Less cool is the unrepentant horniness. Itagaki’s episodes are full of ogling shots of women’s bodies. Dan’s manager sports a “lunar bust,” which is to say absurdly massive boobs as a result of the moon’s low gravity. It’s all unnecessary and played for cheap laughs. When director Hidekazu Sato takes over for Itagaki, he largely jettisons those elements, but with them go Itagaki’s energetic pacing. (He was the guy who went on to direct Teekyu after all.)
Even before Itagaki’s unceremonious departure, the story feels strangely unfocused. For a show ostensibly about playing basketball in giant robots, there’s not nearly enough ... basketball. There are episodes where barely anybody even picks up a ball, and when they do the rules and stakes of each match-up are often unclear. At one point, the series graduates its obligatory idol group to a full-fledged basketball team then expands their role until they crowd out most of Dan’s teammates. It’s one of many examples of mixing and matching anime tropes that feels like the result of too many cooks in the kitchen. The episodes that lean into traditional sports storytelling and explore the human drama of teamwork and competition are some of the most compelling in the series!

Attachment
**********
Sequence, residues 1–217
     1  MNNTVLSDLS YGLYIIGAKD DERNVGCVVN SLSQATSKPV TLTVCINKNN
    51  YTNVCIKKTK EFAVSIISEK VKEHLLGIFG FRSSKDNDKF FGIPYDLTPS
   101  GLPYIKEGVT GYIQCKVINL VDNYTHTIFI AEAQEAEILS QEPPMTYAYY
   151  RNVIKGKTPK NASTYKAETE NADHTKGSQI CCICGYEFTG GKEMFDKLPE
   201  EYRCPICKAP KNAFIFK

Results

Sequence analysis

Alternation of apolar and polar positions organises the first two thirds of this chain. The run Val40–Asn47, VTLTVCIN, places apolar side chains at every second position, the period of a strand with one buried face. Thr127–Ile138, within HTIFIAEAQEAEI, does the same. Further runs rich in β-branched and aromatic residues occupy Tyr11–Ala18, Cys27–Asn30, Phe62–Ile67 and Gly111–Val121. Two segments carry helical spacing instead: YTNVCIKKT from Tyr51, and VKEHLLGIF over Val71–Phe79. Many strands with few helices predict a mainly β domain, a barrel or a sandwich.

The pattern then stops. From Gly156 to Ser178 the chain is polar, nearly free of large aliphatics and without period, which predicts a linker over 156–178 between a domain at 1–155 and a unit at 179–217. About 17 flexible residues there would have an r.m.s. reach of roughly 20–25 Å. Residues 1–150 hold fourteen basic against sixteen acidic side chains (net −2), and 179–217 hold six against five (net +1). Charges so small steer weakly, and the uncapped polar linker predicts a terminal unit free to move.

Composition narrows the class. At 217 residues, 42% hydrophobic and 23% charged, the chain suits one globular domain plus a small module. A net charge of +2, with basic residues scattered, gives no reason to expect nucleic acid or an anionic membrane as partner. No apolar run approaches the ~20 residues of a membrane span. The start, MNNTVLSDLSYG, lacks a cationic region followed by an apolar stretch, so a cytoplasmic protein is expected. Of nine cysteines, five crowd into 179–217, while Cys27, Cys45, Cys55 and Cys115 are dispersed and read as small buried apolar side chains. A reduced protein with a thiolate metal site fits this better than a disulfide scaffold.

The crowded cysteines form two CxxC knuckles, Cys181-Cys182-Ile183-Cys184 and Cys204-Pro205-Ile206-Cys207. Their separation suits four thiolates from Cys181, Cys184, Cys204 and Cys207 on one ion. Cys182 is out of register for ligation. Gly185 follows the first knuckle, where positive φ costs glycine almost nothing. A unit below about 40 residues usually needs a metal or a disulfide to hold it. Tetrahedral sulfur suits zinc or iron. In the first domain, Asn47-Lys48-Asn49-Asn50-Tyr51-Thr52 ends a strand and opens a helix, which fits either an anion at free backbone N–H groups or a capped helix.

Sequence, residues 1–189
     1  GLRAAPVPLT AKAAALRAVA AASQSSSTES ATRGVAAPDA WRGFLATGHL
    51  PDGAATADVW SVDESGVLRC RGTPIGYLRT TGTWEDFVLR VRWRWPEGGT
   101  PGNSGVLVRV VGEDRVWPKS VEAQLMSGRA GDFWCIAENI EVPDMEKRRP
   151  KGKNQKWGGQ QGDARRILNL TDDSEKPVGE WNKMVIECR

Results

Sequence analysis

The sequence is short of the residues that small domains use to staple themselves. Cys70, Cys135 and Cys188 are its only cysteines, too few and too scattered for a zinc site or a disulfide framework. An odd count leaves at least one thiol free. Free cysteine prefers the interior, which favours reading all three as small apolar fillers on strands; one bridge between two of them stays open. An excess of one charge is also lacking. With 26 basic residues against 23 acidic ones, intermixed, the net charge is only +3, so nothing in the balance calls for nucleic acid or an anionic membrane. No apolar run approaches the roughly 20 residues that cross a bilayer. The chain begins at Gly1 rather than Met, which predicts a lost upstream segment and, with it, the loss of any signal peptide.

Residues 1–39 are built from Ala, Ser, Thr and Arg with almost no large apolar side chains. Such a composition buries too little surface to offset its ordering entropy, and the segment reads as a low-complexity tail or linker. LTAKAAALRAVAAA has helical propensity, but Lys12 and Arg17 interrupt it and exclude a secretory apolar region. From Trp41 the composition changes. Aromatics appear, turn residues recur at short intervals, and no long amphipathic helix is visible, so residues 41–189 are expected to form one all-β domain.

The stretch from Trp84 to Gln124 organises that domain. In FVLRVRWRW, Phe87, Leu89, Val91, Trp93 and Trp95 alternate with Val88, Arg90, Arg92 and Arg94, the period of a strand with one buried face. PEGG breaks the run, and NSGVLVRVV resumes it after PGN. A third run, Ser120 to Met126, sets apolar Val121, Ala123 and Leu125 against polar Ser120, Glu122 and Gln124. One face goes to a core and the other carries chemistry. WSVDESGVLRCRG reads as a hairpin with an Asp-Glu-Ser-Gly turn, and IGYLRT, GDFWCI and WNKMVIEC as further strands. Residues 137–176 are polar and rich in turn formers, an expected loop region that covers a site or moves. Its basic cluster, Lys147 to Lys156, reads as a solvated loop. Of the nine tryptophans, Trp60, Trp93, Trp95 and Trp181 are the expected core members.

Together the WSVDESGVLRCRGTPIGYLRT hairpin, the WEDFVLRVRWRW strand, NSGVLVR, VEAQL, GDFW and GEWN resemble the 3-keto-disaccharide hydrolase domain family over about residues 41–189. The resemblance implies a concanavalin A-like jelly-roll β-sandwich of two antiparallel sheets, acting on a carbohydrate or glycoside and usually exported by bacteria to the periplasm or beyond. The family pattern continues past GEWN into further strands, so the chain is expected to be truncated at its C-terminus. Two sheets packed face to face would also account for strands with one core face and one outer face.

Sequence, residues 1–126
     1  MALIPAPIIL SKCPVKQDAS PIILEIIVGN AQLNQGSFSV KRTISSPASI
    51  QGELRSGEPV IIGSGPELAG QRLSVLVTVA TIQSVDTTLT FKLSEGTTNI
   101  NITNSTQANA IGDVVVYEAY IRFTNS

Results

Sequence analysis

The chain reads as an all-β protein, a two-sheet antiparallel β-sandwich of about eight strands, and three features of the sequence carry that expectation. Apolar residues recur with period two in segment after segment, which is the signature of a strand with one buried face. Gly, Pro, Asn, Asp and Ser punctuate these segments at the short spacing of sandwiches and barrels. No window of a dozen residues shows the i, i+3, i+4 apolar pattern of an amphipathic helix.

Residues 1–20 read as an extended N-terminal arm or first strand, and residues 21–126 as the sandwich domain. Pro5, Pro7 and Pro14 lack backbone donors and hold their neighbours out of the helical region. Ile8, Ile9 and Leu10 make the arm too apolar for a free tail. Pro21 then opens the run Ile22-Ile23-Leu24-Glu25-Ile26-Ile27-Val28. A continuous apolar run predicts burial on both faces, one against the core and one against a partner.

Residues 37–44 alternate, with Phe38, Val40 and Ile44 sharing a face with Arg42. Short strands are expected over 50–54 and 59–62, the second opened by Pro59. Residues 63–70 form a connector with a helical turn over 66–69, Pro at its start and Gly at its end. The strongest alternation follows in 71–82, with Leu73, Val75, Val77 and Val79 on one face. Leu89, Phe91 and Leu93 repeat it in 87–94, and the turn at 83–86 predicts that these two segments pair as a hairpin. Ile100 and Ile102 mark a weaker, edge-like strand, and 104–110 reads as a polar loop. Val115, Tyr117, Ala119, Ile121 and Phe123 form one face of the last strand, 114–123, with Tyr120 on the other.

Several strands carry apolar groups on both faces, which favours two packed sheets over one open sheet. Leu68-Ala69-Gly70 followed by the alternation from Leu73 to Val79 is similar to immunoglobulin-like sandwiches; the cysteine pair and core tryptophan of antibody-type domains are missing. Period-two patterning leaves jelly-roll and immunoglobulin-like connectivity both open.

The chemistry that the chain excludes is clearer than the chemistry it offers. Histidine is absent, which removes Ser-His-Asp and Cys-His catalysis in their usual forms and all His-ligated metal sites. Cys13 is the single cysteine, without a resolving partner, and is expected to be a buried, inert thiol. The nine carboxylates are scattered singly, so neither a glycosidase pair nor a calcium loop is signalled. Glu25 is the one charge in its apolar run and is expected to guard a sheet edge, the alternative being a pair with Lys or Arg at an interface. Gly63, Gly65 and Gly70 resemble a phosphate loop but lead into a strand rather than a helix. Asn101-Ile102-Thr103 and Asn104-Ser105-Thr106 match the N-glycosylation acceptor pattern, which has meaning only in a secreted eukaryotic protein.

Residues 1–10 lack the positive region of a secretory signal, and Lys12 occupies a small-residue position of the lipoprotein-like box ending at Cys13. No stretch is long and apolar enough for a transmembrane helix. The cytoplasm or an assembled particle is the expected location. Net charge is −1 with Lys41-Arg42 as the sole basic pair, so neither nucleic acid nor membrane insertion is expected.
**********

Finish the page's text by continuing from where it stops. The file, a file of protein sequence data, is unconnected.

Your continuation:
Instead of capitalizing on that, Basquash’s finale rejects the idea of competing and winning in favor of integrating basketball into its nonsensical in-universe cosmology. It’s as if series writer Tatsuo Sato got bored with all the basketball and tried to make the show about something else. Sato would go on to direct and write adapted scripts for another Satelight production, Bodacious Space Pirates, with a similar problem: a faux-conflict that consists largely of characters play-acting another genre (in that case, space opera).
When the dust settles and the heroes have used the power of basketball (fine, whatever) to save the world, there’s no time to wrap up the story’s many loose ends. Dan’s teammates get a line or two to say what they’ve learned, but his strained relationship with his sister — originally his motivation for playing basketball — is ignored. Even his tacked-on romance with one of the idols doesn’t get a satisfactory resolution after receiving inordinate attention in earlier episodes.
Watching Basquash was a real bummer. The early episodes offer a glimpse of the brash, cartoony genre fusion we could have had. It never again reaches that high, though there was more than enough eye candy to keep me engaged until the end. Thanks to my Secret Santa for the recommendation, even though it didn’t turn out to be the slam dunk you hoped for.